The In Sample group shows a steady 4% yearly increase in number of papers published, fully consistent with the growth of the scholarly literature over the last 350 years (de Solla Price, 1961). The Out of Sample group, with 6.7% growth, indicates the growing sphere of influence of astronomy.
Most of the Out of Sample journal articles are not from small astronomy journals (this has been steadily declining from about 10% to about 3% now); instead, they are from nearby physics/geophysics related disciplines. Assuming these fields are not growing any faster than the 4% rate of astronomy (or all science) we can conclude that the interdisciplinary reach of astronomy is growing by about 2.7% per year, a 25 year doubling period. As a percentage, the Out of Sample papers grew from 25% to 40% of the total during the 20 year period.
Figure 2 shows the total citations to the two sets (plus the sum) of articles as measured in July 2018. From the plot one can see that it takes about a decade before the increase in the number of citations over time is overtaken by the increase in the number of articles over time, creating a broad peak with a slow decline as we go back in time.
The asymptotic growth rate of 3% per year for the older In Sample journals citation counts is below the 4% growth rate for the number of articles published by these journals. Were the situation static this would imply that the number of citations per article is decreasing at about 1% per year. The situation is not static, and the mean number of citations per article is actually increasing. While the probability of a 20 year old article receiving a citation is only about 10% the probability that a recent article receives the citation (Kurtz, et al 2005), the number of available citations increases with the 4% yearly increase in number of articles and the 3% yearly increase of the number of references per article (Henneken, et al 2012), so after 20 years the total citation rate is still 40% of the initial peak rate. This, plus the fact that citations accumulate with age tends to flatten out this form of citation curve.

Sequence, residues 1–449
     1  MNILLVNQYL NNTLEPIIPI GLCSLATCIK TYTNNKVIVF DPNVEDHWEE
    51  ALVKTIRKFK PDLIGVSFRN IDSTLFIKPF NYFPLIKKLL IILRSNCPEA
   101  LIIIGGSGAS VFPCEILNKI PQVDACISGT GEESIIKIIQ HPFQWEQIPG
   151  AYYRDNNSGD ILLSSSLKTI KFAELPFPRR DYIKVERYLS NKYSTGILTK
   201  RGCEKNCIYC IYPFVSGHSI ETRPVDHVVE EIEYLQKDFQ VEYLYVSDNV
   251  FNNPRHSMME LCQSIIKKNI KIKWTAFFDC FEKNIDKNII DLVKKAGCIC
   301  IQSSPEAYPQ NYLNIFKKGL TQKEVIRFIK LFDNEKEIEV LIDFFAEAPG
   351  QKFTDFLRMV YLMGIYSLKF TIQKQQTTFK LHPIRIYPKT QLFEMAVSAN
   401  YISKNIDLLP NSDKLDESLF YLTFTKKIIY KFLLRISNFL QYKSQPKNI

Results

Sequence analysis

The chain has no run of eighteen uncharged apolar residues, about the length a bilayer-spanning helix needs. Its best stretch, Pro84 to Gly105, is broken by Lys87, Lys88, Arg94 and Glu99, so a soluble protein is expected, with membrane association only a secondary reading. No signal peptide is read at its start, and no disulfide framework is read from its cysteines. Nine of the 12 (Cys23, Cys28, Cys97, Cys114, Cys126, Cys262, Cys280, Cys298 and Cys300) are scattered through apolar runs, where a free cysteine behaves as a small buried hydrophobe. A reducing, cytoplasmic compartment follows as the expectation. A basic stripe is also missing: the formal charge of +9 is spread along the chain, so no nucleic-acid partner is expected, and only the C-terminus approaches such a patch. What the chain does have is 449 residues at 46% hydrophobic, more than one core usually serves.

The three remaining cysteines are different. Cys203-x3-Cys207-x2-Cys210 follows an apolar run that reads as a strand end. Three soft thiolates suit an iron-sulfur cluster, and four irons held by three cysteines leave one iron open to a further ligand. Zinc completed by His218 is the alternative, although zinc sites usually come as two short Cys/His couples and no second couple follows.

The Out of Sample articles present a different picture; the growth rate for citations is greater than for articles. Assuming that the same effects which affect the the In Sample articles also affect these articles, we are left with an unexplained residual growth in the Out of Sample citations similar to the additional growth in the number of articles due to increased interdisciplinarity.
We suggest there are a few factors at play here. The interdisciplinarity goes both ways, in that these articles not only cite core astronomy articles more often, they are also cited by astronomy articles more often. Second: articles in astronomy are substantially more cited than articles in related fields, such as geophysics; this is a function of the differing scholarly cultures, and tends to enhance the citations to geophysics articles which are of interest to astronomers. Finally the ADS data have a strong pro-astronomy bias (see the appendix to our recent white paper), which also tends to enhance this effect.
In this blog post we have presented the data which we will use to evaluate and rank the main international journals which publish astronomy research. We have shown that astronomy articles in these journals, as a whole, are increasing consistent with the centuries long trends in scholarship, and that the interdisciplinary aspect of astronomy research is steadily expanding.
COMING UP NEXT: We will publish and discuss 20 years of yearly rankings for the 50 In Sample journals for each of our five measures (number of articles, citations, h, i10, i100).